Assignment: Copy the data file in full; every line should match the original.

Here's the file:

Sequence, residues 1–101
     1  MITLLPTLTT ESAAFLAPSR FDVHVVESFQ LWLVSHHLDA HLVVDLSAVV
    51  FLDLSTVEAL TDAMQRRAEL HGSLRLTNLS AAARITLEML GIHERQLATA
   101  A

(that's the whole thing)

Sequence, residues 1–101
     1  MITLLPTLTT ESAAFLAPSR FDVHVVESFQ LWLVSHHLDA HLVVDLSAVV
    51  FLDLSTVEAL TDAMQRRAEL HGSLRLTNLS AAARITLEML GIHERQLATA
   101  A